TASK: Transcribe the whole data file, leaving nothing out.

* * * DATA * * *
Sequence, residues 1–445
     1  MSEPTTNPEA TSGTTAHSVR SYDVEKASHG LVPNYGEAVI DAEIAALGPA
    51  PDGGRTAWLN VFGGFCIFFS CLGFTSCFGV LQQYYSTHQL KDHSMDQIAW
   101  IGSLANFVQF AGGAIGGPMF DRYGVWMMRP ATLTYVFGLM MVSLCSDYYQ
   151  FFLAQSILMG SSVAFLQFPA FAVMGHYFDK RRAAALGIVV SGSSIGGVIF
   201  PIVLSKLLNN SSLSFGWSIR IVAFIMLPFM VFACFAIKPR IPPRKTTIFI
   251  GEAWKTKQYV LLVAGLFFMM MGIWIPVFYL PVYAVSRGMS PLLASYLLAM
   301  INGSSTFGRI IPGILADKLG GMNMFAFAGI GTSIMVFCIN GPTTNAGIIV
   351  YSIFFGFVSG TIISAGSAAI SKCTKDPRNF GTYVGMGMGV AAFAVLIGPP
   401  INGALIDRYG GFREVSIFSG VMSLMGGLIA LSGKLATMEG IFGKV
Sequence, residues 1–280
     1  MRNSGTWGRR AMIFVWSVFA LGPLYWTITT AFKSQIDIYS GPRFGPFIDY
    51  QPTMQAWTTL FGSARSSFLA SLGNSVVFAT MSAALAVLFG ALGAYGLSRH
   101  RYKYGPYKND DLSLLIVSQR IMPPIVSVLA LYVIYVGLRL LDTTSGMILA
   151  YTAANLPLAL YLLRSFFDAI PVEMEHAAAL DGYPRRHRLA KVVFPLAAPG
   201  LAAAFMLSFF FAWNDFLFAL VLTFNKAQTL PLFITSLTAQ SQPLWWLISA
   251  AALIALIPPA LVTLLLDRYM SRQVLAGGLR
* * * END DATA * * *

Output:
Sequence, residues 1–445
     1  MSEPTTNPEA TSGTTAHSVR SYDVEKASHG LVPNYGEAVI DAEIAALGPA
    51  PDGGRTAWLN VFGGFCIFFS CLGFTSCFGV LQQYYSTHQL KDHSMDQIAW
   101  IGSLANFVQF AGGAIGGPMF DRYGVWMMRP ATLTYVFGLM MVSLCSDYYQ
   151  FFLAQSILMG SSVAFLQFPA FAVMGHYFDK RRAAALGIVV SGSSIGGVIF
   201  PIVLSKLLNN SSLSFGWSIR IVAFIMLPFM VFACFAIKPR IPPRKTTIFI
   251  GEAWKTKQYV LLVAGLFFMM MGIWIPVFYL PVYAVSRGMS PLLASYLLAM
   301  INGSSTFGRI IPGILADKLG GMNMFAFAGI GTSIMVFCIN GPTTNAGIIV
   351  YSIFFGFVSG TIISAGSAAI SKCTKDPRNF GTYVGMGMGV AAFAVLIGPP
   401  INGALIDRYG GFREVSIFSG VMSLMGGLIA LSGKLATMEG IFGKV
Sequence, residues 1–280
     1  MRNSGTWGRR AMIFVWSVFA LGPLYWTITT AFKSQIDIYS GPRFGPFIDY
    51  QPTMQAWTTL FGSARSSFLA SLGNSVVFAT MSAALAVLFG ALGAYGLSRH
   101  RYKYGPYKND DLSLLIVSQR IMPPIVSVLA LYVIYVGLRL LDTTSGMILA
   151  YTAANLPLAL YLLRSFFDAI PVEMEHAAAL DGYPRRHRLA KVVFPLAAPG
   201  LAAAFMLSFF FAWNDFLFAL VLTFNKAQTL PLFITSLTAQ SQPLWWLISA
   251  AALIALIPPA LVTLLLDRYM SRQVLAGGLR